©Tank Museum, Bovington


In March 1917 a trial was held to find a better way of steering tanks than the original four-man method. The most successful was a system designed by WG Wilson which used epicyclic or planetary gears to disengage and stop one track or the other. It was simple, easy to operate and meant that the tank could be driven by one man. The new system was adopted for the Mark V tank, of which 400 were built (200 each male and female) for service in 1918. The Mark V was also fitted with a new engine specially designed by Harry Ricardo.

Outwardly the Mark V looks very much like the earlier types, the main differences being the Commander's cab on top and the new machine-gun position at the back. There are other differences such as the radiator grilles on the sides and the semaphore signalling device, but the unditching beam and rails were also seen on Mark IVs. Our exhibit, which is still in working order, served with 8th (H) Battalion during the great battle of Amiens on 8th August 1918. Commanded by a young Lieutenant Harold Whittenbury it was instrumental in knocking out various German machine-gun positions and destroying a fortified building. Whittenbury gained the MC for his action on this day. The markings shown on the tank are correct for the time, the red and white stripes being an Allied tank recognition sign. Mark V tanks were also used by the 301st Tank Battalion which fought alongside the British at Amiens.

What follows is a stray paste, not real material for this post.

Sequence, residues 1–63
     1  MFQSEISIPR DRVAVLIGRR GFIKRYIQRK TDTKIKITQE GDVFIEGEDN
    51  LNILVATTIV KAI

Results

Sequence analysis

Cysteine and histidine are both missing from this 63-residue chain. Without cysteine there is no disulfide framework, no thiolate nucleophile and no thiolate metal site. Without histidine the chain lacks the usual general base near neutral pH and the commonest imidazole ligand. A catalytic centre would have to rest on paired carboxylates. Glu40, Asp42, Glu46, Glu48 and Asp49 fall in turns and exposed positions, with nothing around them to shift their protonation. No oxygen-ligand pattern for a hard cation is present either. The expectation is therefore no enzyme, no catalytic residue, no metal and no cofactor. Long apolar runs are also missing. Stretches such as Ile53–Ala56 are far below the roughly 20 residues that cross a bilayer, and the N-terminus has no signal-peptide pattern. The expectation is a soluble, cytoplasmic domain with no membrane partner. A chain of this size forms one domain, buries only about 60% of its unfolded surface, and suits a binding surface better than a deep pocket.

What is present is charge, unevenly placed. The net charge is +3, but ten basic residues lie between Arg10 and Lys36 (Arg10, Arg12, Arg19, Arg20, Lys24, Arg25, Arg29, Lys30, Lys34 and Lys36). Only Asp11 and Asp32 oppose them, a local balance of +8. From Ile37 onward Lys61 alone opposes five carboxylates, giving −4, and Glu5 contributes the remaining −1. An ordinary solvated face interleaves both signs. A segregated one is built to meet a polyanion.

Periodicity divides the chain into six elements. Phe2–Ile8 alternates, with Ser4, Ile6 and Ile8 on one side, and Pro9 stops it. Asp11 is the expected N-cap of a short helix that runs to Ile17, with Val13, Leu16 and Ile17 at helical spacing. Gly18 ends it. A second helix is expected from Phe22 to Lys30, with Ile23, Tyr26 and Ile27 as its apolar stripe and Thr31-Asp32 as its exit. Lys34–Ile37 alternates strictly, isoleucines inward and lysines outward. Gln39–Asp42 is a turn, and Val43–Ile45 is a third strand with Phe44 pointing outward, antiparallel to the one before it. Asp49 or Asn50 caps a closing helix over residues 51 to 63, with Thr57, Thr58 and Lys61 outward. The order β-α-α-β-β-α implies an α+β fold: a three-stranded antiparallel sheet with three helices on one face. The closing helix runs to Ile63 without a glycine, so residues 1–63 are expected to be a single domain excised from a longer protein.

Statistical information: Crew: 8 Armament: 2 x 6pounder guns, 4 x machine guns max.ammunition 332 armour thickness 12 mm horsepower 15 max speed 4.6mph weight 29 tons